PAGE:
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Avalanche victims' bodies recovered from Millcreek Canyon; Experts talk backcountry preparedness, high risk levels

Posted at 11:56 AM, Feb 07, 2021
and last updated 2021-02-08 01:38:52-05

MILLCREEK, Utah — The four people killed in Saturday's avalanche in Millcreek Canyon have been identified and successfully recovered from the mountain.

There were two groups skiing in the area when the avalanche was triggered: one group of five people and one group of three. Police initially received a distress call that indicated there were five buried.

The avalanche swept all eight individuals away. They were all well-prepared and had the necessary equipment for the conditions, but only four were able to dig themselves out.

The four survivors, all men between the age of 23 and 38, were hoisted off the mountain by LifeFlight helicopters with no life-threatening injuries.

Due to unstable conditions, recovery efforts for the four deceased were paused until Sunday morning.

UPD confirmed that the deceased skiers are:

  • 29-year-old Sarah Moughamian of Sandy
  • 26-year old Louis Holian of Salt Lake City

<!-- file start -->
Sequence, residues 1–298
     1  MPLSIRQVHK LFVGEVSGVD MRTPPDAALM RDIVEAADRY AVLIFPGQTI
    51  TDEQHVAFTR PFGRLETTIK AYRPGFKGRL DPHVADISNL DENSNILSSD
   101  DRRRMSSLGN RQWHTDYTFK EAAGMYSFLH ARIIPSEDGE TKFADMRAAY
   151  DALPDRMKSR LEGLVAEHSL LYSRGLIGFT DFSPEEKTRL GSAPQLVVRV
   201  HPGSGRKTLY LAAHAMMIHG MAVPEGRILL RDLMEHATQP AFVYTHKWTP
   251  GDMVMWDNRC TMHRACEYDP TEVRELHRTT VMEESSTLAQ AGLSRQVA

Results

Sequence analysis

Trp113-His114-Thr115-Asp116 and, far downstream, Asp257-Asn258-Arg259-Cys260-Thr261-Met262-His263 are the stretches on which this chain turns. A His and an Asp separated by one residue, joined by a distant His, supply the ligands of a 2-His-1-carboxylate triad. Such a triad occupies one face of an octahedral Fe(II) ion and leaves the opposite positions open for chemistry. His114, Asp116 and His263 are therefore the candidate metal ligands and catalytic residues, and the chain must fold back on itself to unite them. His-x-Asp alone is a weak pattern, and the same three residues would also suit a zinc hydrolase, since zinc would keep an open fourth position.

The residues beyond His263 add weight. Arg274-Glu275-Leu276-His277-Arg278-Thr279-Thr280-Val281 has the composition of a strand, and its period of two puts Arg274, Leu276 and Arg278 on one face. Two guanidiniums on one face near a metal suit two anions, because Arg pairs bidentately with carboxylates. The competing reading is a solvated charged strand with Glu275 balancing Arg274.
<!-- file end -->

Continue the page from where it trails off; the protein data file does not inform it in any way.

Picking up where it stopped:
• 26-year-old Stephanie Hopkins of Salt Lake City
  • 23-year-old Thomas Louis Steinbrecher of Salt Lake City

By 3:30 p.m. Sunday, their bodies had been transported off the mountain by the Utah Department of Public Safety helicopter, combined with rope-assisted ground operations by the Salt Lake County Search and Rescue and Wasatch Backcountry Rescue volunteer teams. All rescuers on the ground were able to ski out of the area safely.

Gov. Spencer Cox issued the following statement in response to the news:

  • “The tragedy in Millcreek Canyon which claimed the lives of four young Utahns has shaken and saddened all of us. Abby and I send our deepest condolences and prayers to the families of Sarah Moughamian, Louis Holian, Stephanie Hopkins and Thomas Louis Steinbrecher during this heartbreaking time. We also extend our sympathies to their companions who escaped harm and thank all of the brave individuals involved in the recovery efforts.”

University of Utah Health said Sunday that Hopkins was a nurse there and was well-loved.

"We were deeply saddened to learn about the passing of Stephanie (Steph) Hopkins who was a nurse at University of Utah Health and a graduate of our prestigious critical care internship program," the hospital wrote on Twitter. "Hopkins worked in the neuro critical care unit and was loved and respected by her colleagues. We send our condolences to her family and loved ones during this difficult time."

The Utah Avalanche Center says the state is seeing an unprecedented year for avalanches. There have been six deaths in under a month.

Conditions are dangerous, so experts advise anyone planning on entering the backcountry to check for updates, have all the proper rescue gear and plan to take a free avalanche class.

A GoFundMe has been set up for the victims and their families.